Gun insurance proposal draws heat

A proposal to require gun owners to buy liability insurance — such as that required of car owners — drew opposition at a two-hour hearing at the State Capitol Wednesday.

House Bill 6656 proposes that gun owners in Connecticut purchase the insurance to cover accidents or acts of violence carried out with their weapons.

The thought behind the bill is to treat guns like automobiles, where the insurance industry provides a mechanism to evaluate risk, and a force to promote safety innovations.

But it was evident at a public hearing before the legislature’s insurance committee that not everyone agrees. Dan Vining of Guilford called the notion a de facto tax on the right to bear arms.

“While I recognize that the government has the power to tax, we should not tax a right protected by both the federal and state constitutions. We do not allow poll taxes to restrict the right to vote, or liability insurance requirements to restrict the right to free speech and peaceful assembly.

“I am blessed with a good job and would be able to afford this insurance,” Vining said. “Many lawful firearm owners with less income probably would not.”

Insurers were no more enthusiastic. Susan Giacolone from the Insurance Association of Connecticut said gun accidents are already covered by homeowners’ insurance, and the industry isn’t about to cover criminal acts.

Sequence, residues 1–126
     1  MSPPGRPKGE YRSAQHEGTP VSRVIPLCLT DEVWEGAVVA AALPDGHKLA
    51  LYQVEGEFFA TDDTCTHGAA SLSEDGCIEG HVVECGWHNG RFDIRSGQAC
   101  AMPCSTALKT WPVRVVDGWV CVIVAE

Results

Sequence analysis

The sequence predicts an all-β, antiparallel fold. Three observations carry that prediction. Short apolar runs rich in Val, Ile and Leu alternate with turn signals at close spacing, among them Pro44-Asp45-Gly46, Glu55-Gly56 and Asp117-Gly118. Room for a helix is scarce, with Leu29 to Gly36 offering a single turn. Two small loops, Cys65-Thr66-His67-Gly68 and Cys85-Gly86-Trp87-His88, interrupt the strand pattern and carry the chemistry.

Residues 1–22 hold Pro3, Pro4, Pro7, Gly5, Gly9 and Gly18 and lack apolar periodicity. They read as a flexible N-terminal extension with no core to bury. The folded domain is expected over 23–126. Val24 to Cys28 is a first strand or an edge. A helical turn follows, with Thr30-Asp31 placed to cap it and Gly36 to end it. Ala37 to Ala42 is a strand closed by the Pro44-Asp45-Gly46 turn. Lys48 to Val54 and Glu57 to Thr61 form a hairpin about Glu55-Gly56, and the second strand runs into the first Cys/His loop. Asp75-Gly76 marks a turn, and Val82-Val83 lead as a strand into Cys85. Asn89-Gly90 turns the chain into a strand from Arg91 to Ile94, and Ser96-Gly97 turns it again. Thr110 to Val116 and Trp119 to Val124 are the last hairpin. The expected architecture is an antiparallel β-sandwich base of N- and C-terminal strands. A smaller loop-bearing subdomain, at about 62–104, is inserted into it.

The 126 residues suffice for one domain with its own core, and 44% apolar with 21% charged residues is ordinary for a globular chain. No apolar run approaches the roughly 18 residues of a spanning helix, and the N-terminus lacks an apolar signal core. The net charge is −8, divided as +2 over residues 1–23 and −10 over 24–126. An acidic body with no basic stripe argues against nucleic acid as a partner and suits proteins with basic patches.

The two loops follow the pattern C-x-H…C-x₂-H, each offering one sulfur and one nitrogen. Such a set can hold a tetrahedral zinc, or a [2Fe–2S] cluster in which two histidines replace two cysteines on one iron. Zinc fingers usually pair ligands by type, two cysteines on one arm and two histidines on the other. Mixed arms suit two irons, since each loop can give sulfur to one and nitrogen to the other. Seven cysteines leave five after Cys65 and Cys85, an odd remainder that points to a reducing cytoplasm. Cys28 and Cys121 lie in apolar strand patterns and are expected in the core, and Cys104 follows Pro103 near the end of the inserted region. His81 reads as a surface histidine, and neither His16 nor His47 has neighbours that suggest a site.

“Mandating insurance for gun ownership actually ignores the fundamental purpose of insurance. And that is to provide coverage for fortuitous or accidental events. We do not and will not provide coverage for intentional acts, criminal acts or willful acts.”

The National Rifle Association is currently the only player in this space — it offers gun owners a policy to cover their expenses if they’re sued after an act of self defense. The group that represents gun manufacturers, the National Shooting Sports Foundation, did concede that requiring insurance might drive safety-related changes, but that wasn’t something they welcomed.

Jake McGuigan, a spokesman for the foundation, said, “Our concern from the industry is that if there was an insurance offering, by insurance companies, that they would be forcing mandates, forcing certain safety standards on individuals, and telling individuals what firearms they were supposed to own.”

A vote on the bill is expected in the future.

 

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